And guess what? It’s a wonderful preservative as well. During medieval times and before refrigeration, rosemary was rubbed into meat to help keep it fresh longer. I’m sure this has to do with it’s antimicrobial and anti-oxidant properties.
Did you know you can make rosemary pesto? What a delicious way to eat this healthy herb! This fun pesto is from my friend, Miss, over at Miss in the Kitchen. I’ll be giving this a try!
Personally, I love adding rosemary to sour dough bread. This recipe for Rosemary-Thyme Sour Dough Tortillas gives a gourmet touch to a favorite Latin bread.
You can also create a delicious rosemary infused olive oil for drizzling over foods or dipping bread. My friend, Caisie, at Building Our Story has a great tutorial for using fresh herbs in infused olive oil. Just a caution: fresh herbs will go bad, and the oil will need refrigeration. You can substitute dried herbs for a long lasting infused oil, but it won’t be as pretty as Caisie’s.
Cynthia, over at What a Girl Eats, has written an entire article about using fresh rosemary in your cooking!
My friend, Ashley at Practical Self-Reliance, has an exceptional tutorial on how to make lamb sausage with red wine and rosemary. Sounds SO good! And one thing you should know about Ashley is that she creates the most amazing and unusual dishes—-this sausage is bound to be awesome!
And another good friend, Cery, from Back to Our Roots, who is just an amazing traditional foods cook shares this recipe for Succulent Herbed Lamb Chops for the Grill!
Want a rosemary drink? Here is a super recipe from Jay and Leah at Gastronom for a Rosemary & Grapefruit Moscow Mule. It sounds heavenly for a summer day!
Safety Factors & Contraindications for Rosemary
Used in simple cooking, rosemary is quite safe. However, when used in therapeutic applications, such as teas, tinctures, and essential oils, care should be taken. Pregnant or nursing women should avoid large doses of rosemary or using the essential oil.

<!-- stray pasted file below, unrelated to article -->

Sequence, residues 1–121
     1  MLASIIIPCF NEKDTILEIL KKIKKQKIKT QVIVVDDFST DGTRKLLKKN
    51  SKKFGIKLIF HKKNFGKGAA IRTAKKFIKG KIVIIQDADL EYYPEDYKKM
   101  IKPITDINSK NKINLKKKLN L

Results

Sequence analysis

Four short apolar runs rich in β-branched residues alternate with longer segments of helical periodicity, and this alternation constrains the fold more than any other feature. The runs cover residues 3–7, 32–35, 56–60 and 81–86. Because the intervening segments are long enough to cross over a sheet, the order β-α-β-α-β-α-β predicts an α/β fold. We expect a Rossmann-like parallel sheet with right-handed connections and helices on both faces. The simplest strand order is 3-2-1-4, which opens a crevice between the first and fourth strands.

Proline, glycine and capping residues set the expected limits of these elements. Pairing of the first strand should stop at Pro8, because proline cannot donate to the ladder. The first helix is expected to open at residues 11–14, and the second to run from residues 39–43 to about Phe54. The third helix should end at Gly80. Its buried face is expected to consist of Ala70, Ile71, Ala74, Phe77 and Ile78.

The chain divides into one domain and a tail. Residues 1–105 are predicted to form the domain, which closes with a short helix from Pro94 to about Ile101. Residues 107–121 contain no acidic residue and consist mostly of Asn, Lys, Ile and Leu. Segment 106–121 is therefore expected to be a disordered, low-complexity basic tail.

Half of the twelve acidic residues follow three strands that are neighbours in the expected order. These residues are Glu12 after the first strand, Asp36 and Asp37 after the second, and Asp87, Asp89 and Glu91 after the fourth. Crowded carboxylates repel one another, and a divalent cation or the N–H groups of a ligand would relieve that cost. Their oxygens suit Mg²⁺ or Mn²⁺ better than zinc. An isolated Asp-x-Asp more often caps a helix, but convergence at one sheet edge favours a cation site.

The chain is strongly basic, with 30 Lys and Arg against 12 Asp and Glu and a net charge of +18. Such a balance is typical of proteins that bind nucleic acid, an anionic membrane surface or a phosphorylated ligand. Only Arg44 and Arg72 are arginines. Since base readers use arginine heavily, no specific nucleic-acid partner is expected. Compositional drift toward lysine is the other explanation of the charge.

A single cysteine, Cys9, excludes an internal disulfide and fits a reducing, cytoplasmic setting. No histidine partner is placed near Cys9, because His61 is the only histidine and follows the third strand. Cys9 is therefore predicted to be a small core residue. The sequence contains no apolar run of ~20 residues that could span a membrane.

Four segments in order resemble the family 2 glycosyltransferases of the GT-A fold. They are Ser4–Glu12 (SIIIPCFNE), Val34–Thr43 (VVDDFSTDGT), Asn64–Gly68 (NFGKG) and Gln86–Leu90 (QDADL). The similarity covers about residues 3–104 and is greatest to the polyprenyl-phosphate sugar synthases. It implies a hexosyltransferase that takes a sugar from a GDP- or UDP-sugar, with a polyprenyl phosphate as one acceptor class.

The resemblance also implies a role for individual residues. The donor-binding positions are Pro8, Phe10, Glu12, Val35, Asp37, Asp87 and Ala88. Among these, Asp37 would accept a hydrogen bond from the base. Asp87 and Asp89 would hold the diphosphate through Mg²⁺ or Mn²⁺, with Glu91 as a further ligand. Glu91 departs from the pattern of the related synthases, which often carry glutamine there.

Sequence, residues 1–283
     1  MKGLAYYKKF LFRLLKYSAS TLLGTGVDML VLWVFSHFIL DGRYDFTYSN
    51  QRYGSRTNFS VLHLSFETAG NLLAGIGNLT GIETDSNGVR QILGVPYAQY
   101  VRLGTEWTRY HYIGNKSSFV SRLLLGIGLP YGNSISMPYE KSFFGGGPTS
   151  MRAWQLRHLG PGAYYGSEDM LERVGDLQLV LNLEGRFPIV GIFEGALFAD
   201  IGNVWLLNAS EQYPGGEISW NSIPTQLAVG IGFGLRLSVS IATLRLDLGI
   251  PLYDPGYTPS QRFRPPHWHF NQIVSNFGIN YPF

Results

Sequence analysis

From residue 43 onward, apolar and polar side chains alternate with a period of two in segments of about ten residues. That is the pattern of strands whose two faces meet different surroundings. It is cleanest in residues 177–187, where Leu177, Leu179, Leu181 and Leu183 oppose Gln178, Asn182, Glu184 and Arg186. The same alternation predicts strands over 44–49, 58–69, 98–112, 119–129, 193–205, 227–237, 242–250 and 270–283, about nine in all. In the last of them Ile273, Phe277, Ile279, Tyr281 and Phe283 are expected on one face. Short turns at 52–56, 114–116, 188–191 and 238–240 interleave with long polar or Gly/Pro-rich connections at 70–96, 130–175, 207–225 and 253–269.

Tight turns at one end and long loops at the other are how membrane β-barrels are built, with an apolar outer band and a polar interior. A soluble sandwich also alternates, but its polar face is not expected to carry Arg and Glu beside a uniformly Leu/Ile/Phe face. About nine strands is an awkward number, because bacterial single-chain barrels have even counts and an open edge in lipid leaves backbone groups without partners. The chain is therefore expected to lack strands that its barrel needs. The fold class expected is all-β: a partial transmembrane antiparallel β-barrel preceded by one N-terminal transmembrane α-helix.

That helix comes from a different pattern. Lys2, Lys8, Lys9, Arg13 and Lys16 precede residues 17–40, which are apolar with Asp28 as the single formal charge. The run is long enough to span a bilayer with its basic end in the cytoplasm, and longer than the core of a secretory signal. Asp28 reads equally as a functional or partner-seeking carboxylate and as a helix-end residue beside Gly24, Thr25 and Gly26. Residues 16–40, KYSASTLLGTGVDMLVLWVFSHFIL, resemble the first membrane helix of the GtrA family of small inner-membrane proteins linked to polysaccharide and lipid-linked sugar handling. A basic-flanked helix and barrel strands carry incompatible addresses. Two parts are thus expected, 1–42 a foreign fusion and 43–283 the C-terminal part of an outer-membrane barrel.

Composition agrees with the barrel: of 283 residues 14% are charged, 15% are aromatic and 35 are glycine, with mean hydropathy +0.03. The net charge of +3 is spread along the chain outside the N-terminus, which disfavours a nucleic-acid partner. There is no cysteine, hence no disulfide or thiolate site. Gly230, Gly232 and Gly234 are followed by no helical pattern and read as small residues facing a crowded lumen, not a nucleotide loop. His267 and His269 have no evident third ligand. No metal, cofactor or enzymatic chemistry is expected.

Also, I’ll just put my disclaimer right here: I am not a doctor. Any statement made here is for informational purposes only and not meant to treat, cure, diagnose, or prevent any disease. Before using any herb or essential oil, please be sure to seek advice from your medical professional. These statements have not been evaluated by the FDA.
Final Thoughts on Working with Rosemary in All the Areas of Your Life
What an amazing herb rosemary is! Not only is it beautiful, easy to grow, and a delicious culinary spice…rosemary abounds with health benefits too.
I really believe that food is medicine, and using healing herbs like rosemary in your daily food choices is a wonderful way to get the benefits of the gifts God gave to us in plants.
How do you use rosemary? I’d love your ideas, questions, etc. so please share a comment in the comments section.
You might also enjoy these related articles:
and there are SO many more on the blog! I hope you’ll head over there and browse around!
By the way—-if you are going to purchase dried rosemary, I suggest Starwest Botanicals. You’ll get a much fresher product than you will from the grocery store, and you’ll save tons of money this way, too.
And, for essential oil, I suggest Rocky Mountain Oils because the quality of their essential oils is exceptional and at a much lower price than the large MLM companies.
One last thing: Have you thought about learning how to use herbs, possibly even becoming an herbalist? It’s a great field if you love plants! Take a look at The Herbal Academy of New England’s online courses. They have something for every level of experience and interest.
Hugs, Health, & Self-Reliance,
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Grieve, M. (1931). A Modern Herbal (Vol. 2). New York: Dover